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How effective is Vyvanse for Depression?





Summary: 30 Vyvanse users have rated its effectiveness for Depression.

Overall ratings: 3.5/5
Long term ratings: 3.5/5

This is a review of how effective Vyvanse (lisdexamfetamine dimesylate) is for Depression and for what kind of people. The study is created by eHealthMe and is updated continuously.

You are not alone: join a mobile support group for people who take Vyvanse for Depression >>>

What is Vyvanse

Vyvanse has active ingredients of lisdexamfetamine dimesylate. It is often used in attention deficit hyperactivity disorder. (latest outcomes from Vyvanse 7,831 users)

Depression

Depression can be treated by Zoloft, Cymbalta, Prozac, Lexapro, Celexa, Wellbutrin Xl. (latest reports from Depression 276,625 patients)

On Dec, 22, 2014: 30 people are studied for taking Vyvanse in Depression




Vyvanse effectiveness for Depression


Long term Vyvanse effectiveness for Depression

Vyvanse effectiveness for Depression (number of people):

not at allsomewhatmoderatehighvery high
Overall0510105
Long term
(1+ years)
02461

Gender of people who take Vyvanse for Depression * :

FemaleMale
Depression73.33%26.67%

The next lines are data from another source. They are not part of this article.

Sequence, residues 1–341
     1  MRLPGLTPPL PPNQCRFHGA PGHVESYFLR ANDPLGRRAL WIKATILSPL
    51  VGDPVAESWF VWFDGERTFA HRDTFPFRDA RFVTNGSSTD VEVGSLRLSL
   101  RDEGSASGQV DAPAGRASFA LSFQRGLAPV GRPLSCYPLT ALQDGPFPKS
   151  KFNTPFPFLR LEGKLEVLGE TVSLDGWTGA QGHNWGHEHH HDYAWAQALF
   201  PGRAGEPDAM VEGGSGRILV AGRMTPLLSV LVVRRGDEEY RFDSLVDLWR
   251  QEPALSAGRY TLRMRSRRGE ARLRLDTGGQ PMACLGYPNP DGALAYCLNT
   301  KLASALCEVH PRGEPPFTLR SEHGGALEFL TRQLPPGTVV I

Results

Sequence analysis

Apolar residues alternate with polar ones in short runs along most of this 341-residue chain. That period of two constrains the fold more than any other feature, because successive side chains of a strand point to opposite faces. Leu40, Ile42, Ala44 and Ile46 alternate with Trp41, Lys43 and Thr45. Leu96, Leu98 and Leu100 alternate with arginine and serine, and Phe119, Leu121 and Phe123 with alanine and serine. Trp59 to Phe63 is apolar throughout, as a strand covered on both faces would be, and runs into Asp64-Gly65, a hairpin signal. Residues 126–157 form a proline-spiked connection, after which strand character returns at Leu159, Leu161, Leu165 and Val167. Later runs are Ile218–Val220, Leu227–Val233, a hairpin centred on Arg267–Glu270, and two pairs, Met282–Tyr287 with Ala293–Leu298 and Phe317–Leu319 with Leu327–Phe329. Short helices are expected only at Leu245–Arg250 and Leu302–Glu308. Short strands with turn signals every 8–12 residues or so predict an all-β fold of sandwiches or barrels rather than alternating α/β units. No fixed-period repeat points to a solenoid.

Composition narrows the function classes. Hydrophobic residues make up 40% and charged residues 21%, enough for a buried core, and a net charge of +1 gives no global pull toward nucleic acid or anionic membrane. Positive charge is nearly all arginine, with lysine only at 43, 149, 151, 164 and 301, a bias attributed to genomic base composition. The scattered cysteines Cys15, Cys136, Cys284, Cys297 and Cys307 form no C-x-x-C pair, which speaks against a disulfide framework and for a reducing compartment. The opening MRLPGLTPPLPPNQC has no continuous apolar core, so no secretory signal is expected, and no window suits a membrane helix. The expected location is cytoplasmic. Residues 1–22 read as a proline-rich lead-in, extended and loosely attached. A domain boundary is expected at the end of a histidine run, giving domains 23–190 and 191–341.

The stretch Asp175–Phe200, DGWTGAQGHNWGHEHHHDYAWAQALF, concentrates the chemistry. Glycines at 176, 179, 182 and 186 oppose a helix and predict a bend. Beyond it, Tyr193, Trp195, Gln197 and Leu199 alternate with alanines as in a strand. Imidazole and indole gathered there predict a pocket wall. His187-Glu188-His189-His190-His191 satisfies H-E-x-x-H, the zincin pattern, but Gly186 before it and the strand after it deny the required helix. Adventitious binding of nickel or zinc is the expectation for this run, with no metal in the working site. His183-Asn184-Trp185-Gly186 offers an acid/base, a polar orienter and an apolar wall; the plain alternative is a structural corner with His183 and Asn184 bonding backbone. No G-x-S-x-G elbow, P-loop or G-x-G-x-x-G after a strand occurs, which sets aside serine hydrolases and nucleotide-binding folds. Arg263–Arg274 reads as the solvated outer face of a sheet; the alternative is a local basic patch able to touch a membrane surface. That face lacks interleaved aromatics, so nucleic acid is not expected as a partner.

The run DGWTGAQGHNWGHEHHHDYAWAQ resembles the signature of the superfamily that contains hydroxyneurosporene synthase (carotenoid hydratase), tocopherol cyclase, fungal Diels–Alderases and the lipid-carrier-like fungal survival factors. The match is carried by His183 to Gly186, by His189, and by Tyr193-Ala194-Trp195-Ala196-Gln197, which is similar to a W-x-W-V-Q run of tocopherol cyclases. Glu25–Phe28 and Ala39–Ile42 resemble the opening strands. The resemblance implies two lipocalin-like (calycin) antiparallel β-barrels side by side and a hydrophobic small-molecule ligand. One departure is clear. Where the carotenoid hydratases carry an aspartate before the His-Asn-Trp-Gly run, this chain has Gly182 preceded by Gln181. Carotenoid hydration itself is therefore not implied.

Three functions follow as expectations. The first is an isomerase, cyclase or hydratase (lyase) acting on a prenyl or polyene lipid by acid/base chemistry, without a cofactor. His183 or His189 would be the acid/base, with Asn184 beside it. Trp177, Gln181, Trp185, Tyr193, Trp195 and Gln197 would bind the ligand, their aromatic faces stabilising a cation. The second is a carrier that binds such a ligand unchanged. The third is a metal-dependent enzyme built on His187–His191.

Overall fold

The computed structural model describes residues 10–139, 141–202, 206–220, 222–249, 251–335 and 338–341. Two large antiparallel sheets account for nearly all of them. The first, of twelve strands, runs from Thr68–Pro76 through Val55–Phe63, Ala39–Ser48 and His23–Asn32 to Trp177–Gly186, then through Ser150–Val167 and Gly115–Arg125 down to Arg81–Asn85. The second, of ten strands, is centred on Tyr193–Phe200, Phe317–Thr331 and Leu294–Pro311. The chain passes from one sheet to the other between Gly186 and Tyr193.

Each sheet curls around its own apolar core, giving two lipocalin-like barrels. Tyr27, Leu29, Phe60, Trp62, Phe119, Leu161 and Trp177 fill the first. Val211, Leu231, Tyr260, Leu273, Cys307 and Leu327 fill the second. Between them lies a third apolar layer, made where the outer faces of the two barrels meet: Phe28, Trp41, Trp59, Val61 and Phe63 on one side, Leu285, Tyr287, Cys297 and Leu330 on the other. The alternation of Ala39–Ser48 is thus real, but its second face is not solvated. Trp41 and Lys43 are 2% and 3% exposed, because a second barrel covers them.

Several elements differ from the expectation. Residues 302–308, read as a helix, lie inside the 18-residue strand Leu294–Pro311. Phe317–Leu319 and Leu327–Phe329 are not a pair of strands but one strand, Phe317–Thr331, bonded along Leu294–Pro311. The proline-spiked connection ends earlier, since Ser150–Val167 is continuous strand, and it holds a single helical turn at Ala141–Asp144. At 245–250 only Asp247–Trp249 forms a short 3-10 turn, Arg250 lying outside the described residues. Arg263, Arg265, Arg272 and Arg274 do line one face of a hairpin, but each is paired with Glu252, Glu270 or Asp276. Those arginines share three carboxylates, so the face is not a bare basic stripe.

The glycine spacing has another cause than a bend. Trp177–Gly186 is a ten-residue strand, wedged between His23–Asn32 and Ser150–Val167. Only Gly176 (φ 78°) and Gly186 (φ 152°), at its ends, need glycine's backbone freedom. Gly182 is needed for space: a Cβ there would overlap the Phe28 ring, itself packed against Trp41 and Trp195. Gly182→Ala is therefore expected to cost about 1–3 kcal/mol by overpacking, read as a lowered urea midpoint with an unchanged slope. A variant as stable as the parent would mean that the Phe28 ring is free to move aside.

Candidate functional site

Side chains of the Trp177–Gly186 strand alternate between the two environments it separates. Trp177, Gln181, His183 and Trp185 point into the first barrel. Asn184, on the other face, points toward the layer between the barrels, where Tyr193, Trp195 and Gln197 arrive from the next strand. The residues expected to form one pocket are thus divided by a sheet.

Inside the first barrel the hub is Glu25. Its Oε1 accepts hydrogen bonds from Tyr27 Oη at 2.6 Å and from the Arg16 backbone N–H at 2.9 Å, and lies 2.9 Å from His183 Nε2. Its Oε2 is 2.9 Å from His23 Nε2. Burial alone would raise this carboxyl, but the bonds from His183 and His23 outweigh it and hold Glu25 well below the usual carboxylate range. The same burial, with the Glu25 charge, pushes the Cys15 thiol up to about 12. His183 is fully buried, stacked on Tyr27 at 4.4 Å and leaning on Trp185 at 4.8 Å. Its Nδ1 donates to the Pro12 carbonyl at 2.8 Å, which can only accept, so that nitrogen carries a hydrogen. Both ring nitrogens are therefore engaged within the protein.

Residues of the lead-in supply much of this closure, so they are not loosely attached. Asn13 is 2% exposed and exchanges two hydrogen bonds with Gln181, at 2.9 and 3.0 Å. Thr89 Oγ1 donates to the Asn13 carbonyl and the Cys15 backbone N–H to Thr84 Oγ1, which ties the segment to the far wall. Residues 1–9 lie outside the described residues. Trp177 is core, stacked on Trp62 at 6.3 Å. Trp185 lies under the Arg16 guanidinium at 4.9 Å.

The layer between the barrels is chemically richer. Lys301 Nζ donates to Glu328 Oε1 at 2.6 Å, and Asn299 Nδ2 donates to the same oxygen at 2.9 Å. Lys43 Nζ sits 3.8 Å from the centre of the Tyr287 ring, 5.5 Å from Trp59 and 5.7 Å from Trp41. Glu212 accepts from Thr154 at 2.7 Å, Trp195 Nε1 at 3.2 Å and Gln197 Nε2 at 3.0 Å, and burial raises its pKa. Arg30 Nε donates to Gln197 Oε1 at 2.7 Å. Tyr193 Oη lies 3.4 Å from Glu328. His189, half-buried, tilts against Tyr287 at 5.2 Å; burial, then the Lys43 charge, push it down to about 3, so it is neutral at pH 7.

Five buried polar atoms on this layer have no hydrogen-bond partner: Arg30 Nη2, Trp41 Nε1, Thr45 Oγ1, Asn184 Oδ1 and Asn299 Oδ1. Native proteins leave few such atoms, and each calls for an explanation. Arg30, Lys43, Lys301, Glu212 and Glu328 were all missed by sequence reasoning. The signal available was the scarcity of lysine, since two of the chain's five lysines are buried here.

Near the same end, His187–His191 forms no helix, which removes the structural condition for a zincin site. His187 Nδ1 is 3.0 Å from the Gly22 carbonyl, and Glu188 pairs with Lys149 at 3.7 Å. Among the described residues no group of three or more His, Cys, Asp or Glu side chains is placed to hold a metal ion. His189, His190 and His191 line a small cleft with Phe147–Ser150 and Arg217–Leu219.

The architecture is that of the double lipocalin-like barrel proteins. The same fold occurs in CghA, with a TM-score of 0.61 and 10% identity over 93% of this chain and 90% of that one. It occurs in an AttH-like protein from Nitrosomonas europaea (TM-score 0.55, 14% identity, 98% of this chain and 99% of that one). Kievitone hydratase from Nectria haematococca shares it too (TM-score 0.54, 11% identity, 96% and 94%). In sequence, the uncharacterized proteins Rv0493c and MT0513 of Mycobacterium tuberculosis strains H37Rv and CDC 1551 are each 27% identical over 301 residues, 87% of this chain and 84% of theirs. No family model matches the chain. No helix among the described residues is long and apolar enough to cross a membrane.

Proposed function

Age of people who take Vyvanse for Depression * :

0-12-910-1920-2930-3940-4950-5960+
Depression0.00%0.00%0.00%26.67%26.67%23.33%16.67%6.67%

Who find Vyvanse more effective for Depression?

Gender of people who find Vyvanse more effective * :

FemaleMale
Depression73.33%26.67%

Age of people who find Vyvanse more effective * :

0-12-910-1920-2930-3940-4950-5960+
Depression0.00%0.00%0.00%33.33%26.67%26.67%6.67%6.67%

* Approximation only. Some reports may have incomplete information.

Find out which drug is more effective in real world to treat:

What do you think? Post a comment.

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Can you answer these questions (Ask a question):

More questions for: Vyvanse, Depression

You may be interested at these reviews (Write a review):

  • The zoloft/vyvanse concoction ruined my life.